Friday, June 17, 2005

Jesus' words in red

A while back a group called the Jesus Seminar decied to colour code the Bible. Marking some parts as true, others as maybe true.... and some stuff as untrue. They took scripture and stood over it to determine which bits they were prepared to keep.

Evangelical's often read the Bible as if some bits are more important than others. A few books will appear very dogeared in most Bible's which others are untouched. We're good with the gospels and some of Paul's letters but much of the rest stands neglected.

And then there are Jesus' words in red editions. These Bibles highlight the words that Jesus said by putting them in red text rather than black. On the surface this is fine, but actually its a problem.

What it ends up doing is to say that the words in Bible that matter most are the ones that Jesus said. But the whole Bible is Jesus' words. Every last word of the Bible is God speaking. When a gospel writer selected (inspired by the Holy Spirit) what bits of Jesus' life and ministry to record the events, descriptions and their structures and context are as important as the actual words the Lord Jesus said.

The Gospel is Key
The whole Bible is a revelation of Jesus. Everything in the Bible is either predictive, prefiguring, reflective or resultant from the death of Jesus Christ. The heart of God's revelation of himself to us is the gospel of Jesus. That revelation doesn't give special place to the specific words that Jesus said. And when we come to specific Christian teaching it must always be in view of the gospel. Teaching about prayer is not first driven by what Jesus said about it - but by prayer is view of the gospel of Jesus. So, the first lesson in prayer is that we are called to a relationship with Jesus that is made possible by Jesus' death.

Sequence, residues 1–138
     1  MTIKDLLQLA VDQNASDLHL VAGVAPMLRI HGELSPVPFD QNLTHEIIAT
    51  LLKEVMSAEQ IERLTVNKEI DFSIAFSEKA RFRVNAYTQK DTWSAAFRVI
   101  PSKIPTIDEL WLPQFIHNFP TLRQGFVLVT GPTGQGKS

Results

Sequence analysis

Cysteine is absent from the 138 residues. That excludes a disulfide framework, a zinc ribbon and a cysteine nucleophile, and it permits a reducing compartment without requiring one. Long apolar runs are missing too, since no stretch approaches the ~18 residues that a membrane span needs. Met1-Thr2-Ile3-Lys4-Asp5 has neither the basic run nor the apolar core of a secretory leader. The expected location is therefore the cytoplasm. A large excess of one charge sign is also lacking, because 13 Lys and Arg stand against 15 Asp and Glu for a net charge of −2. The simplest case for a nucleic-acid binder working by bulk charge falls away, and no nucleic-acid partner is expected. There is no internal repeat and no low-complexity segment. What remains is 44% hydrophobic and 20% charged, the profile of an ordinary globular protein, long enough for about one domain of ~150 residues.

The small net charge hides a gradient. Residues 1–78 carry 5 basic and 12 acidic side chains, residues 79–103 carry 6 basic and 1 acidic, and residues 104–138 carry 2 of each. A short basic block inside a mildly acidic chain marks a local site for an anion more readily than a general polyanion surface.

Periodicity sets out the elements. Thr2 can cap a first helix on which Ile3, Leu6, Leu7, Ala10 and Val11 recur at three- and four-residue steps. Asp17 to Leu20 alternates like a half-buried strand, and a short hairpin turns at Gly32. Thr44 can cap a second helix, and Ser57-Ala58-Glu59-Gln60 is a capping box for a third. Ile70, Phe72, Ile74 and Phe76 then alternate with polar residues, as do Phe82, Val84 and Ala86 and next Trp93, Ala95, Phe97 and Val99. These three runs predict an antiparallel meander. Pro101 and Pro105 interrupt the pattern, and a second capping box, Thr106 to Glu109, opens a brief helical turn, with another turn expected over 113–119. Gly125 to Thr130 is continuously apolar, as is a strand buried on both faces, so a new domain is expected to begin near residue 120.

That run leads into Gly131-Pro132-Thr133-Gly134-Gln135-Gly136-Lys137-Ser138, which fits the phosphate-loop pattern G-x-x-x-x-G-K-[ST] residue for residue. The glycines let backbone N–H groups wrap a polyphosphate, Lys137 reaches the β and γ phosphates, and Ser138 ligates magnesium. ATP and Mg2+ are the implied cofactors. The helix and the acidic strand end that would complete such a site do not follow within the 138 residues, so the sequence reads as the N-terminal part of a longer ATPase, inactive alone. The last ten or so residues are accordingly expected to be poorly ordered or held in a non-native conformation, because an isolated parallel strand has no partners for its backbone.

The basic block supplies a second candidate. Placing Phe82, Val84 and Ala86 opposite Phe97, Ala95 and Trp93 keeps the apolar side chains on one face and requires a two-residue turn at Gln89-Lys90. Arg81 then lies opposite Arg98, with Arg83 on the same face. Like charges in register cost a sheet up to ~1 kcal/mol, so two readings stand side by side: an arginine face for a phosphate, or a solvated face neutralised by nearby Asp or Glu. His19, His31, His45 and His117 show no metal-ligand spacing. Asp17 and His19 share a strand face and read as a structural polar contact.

Context is Key
This weekend I'm preaching on John 10. In this section Jesus says - "I and the Father are One". My Jesus' words in red Bible highlights this but not the context. On its own this statement could mean lots of things. Eg Jesus and the Father have the same vision or mindset. But in context we see the Jews reacting by attempting to stone him for blasphemy. They see that he just claimed to be God. But it's not actually a claim to be God when we just take Jesus words out of context. The question when we read John's gospel is not first "what did Jesus say?" but "what is the Holy Spirit revealing about Jesus/The Gospel through this book?".

The Whole Book is Jesus speaking
What does this mean? For a start it means that we need to read the Bible as if its all God speaking. So the genealogy in Matthew has something to tell us about Jesus. So does the genealogy in 1 Chronicles. Ruth testifies about Jesus as does Jonah. Revelation is Jesus, so is Genesis.

Let us reclaim the lost scriptures. Let us reclaim the de-emphasised scriptures by seeing that all scripture testifies about the gospel of the glory of God in the face of Christ. And let us drive the gospel into the heart of all Christian life - seeing that all Christian teaching must be in the context not of the words Jesus said, but in view of the big message of the good news about Jesus.

2 comments:

  1. I agree with your thesis concerning embracing all of scripture, but I htink you may be reaching a little when it comes t red letter bibles. My thoughts are here

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  2. Agreed John,
    My primary usage Bible at the moment is my TruGrip Jesus Words In Red ESV... it's not a disaster... And as you say, it does depend how you use it!


    Dave

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